In the last column in this space, 1 the introduction
described the current IT environment and reasons
why circumstances are driving an increasing
demand for subject matter experts (SMEs) in
CAATs, data mining and data analytics. Needless
to say, there are a variety of needs in business
today for effectual data analytics.
For several years, there has been a burgeoning
segment of the IT profession known as business
intelligence. A range of tools has been developed
and used to assist businesses in mining valuable
information from its own data to enable it to have
more effective strategic and operational insights
into executive decision making. Data analytics,
as used herein, is similar to business intelligence.
Because of the ways data analytics can be used and
benefits gained from examining data, there is ample
opportunity to apply the same methodology to IT
assurance or IT reviews of this growing segment.
This space has also included a series of articles
that, when combined, describe the process of
using CAATs from data extraction, 2 to data
transformation3 and now to data analytics.
The series is modeled after the data warehouse
concept of ETL (extract, transform and load)
when building the warehouse database. This
article will describe factors for the IT auditor to
consider in conducting data analytics.
DESIGNING AN ANALYTIC PROGRAM
There are several key aspects of designing an
effective analytic program. Those aspects can be
determined through a series of questions:
• Who are the key players?
• What data are needed (tables and fields)?
• What are the purpose and scope of the testing?
• Who will get the report?
• Where are the data residing?
• How will data be requested and/or obtained?
• What tools will be used to perform data
analytic tests or procedures and why?
• How will the tools selected be used
Answering these questions will enable the IT
auditor to design an effective analytic program.
Obviously, the IT auditor must have some
knowledge of the organization, systems, data files
and tools available, as well as the capabilities of
The IT auditor will need to follow a methodology
in getting the data and analyzing the data properly. 4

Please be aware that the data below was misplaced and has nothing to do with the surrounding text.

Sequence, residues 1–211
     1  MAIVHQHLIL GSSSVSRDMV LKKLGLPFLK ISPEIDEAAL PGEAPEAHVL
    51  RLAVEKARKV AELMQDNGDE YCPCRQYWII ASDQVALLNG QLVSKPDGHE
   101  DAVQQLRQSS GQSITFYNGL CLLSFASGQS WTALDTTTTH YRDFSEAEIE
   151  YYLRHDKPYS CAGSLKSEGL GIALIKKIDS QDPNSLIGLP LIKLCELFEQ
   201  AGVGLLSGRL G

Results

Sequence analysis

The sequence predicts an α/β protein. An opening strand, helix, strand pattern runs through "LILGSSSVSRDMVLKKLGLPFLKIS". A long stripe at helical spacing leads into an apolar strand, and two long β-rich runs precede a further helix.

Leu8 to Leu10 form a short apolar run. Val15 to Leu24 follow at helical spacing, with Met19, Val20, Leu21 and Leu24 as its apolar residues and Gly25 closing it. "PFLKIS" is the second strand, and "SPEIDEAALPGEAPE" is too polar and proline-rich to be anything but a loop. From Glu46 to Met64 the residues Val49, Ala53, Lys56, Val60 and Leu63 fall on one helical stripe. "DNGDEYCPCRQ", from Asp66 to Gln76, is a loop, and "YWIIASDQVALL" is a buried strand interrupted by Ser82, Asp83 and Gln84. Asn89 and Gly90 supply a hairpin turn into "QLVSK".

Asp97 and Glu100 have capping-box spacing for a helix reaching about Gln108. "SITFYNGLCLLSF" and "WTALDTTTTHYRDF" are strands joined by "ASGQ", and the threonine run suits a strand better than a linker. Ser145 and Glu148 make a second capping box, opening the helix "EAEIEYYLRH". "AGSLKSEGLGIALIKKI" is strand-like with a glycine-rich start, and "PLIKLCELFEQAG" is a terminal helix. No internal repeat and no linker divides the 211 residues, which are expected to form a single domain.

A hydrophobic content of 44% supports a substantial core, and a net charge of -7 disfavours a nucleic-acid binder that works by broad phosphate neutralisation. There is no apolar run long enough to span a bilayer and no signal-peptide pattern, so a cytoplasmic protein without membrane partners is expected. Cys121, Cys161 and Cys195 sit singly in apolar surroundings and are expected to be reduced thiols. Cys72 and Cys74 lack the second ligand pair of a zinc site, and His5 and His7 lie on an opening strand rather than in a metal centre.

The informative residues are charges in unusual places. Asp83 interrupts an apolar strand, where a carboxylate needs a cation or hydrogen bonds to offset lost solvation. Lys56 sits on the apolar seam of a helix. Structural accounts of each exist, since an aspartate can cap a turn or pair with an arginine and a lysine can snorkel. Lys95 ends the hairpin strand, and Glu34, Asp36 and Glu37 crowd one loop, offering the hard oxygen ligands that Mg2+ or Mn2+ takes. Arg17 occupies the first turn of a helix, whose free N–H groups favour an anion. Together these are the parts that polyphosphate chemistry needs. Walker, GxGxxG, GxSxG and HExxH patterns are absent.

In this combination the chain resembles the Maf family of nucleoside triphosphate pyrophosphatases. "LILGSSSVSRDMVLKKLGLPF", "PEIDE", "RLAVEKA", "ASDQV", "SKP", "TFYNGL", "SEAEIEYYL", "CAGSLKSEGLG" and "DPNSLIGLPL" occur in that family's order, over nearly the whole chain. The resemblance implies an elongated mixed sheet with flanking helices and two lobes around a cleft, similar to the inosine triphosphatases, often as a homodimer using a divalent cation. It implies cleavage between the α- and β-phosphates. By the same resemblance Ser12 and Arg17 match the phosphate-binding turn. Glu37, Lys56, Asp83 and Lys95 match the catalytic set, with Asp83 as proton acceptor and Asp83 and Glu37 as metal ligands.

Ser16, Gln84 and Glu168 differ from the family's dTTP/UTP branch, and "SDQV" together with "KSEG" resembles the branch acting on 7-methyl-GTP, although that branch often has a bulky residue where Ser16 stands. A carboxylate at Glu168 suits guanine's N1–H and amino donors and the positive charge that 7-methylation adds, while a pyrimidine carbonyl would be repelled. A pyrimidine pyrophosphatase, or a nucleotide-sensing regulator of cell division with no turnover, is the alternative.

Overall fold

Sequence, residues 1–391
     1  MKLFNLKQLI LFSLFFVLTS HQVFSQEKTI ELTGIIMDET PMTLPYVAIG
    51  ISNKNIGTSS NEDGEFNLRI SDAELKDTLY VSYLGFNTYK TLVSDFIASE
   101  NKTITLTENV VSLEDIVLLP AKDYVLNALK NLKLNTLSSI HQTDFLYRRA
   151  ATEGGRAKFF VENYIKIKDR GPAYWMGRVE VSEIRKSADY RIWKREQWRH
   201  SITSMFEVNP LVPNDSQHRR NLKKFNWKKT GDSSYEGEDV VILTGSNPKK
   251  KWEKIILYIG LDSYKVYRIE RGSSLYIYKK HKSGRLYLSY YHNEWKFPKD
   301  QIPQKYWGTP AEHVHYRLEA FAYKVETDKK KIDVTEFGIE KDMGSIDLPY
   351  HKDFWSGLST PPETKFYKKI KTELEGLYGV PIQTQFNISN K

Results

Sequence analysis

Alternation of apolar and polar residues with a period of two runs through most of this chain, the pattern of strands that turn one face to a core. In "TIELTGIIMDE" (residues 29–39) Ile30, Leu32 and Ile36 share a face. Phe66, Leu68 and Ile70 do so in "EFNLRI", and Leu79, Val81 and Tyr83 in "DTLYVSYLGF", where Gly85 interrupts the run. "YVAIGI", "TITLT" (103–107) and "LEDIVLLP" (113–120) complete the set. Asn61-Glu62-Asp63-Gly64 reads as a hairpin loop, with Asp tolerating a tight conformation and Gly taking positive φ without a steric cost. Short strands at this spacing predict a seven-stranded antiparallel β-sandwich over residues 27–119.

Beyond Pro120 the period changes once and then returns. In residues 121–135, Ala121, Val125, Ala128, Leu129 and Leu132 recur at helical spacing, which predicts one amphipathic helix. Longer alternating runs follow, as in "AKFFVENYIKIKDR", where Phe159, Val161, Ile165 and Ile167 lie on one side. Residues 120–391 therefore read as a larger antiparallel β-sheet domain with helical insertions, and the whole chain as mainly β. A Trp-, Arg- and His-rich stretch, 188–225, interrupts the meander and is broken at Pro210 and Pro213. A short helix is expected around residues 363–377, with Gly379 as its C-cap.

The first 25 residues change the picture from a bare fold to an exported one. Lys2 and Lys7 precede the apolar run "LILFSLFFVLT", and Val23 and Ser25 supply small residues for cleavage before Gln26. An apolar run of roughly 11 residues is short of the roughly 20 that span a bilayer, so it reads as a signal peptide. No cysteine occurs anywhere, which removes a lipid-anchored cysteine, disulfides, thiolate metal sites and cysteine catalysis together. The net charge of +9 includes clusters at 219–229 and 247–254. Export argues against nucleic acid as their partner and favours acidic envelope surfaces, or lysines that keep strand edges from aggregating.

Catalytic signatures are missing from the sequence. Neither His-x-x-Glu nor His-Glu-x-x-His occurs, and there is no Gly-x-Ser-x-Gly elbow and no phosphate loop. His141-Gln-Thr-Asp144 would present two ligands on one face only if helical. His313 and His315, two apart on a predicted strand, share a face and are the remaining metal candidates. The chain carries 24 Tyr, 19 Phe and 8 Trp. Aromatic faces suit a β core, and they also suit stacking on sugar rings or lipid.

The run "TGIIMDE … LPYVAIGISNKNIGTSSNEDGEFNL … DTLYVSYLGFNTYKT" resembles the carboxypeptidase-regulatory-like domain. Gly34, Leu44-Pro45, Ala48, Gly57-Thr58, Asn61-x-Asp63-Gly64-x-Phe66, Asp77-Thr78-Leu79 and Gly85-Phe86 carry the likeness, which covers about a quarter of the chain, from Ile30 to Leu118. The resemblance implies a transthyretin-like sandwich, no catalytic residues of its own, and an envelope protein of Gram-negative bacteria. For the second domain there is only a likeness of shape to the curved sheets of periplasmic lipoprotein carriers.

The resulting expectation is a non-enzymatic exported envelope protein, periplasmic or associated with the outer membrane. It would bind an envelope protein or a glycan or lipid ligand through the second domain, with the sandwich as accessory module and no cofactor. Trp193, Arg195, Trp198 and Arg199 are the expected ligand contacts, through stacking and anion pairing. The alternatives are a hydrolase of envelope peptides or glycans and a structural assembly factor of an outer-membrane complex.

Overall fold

The approach is similar to that of an IT assurance
project or, for internal audit, IT reviews.
As with all assurance and review projects, the
process begins with defining the scope of what
needs to be done. This can be done by answering
• What is the purpose of the audit?
• What is the objective of the audit’s conclusions?
• What parameters need to be applied to the data
to accomplish that purpose?
• Where are the data found in the financial or
• What is the risk (e.g., in data reliability)?
• What does the scope of the source data need
to be in order to meet the objective and
• What other information will impact the nature,
timing and extent of the procedures to
After answering these questions, the IT
auditor should be able to determine the best
approach to take to satisfy the objectives and
purpose. Next, a planning meeting, where issues
such as the specific procedures and tests can be
discussed, should be set. Consideration should
be given to relevant data that lie outside the
auditee’s systems and data files (e.g., cloud,
data center, industry data), and to any issues in
getting data, such as usefulness and reliability.
Individuals from both IT and the business
should be involved, as both perspectives prove
Tommie Singleton, CISA,
CGEIT, CPA, is the director
of consulting for Carr Riggs
& Ingram, a large regional
public accounting firm.
His duties involve forensic
valuation, I T assurance and
service organization control
engagements. Singleton is
responsible for recruiting,
training, research, support
and quality control for those
services and the staff that
perform them. He is also a
former academic, having
taught at several universities
from 1991 to 2012. Singleton
has published numerous
articles, coauthored books
and made many presentations
on IT auditing and fraud.
What Every IT Auditor Should Know
About Data Analytics
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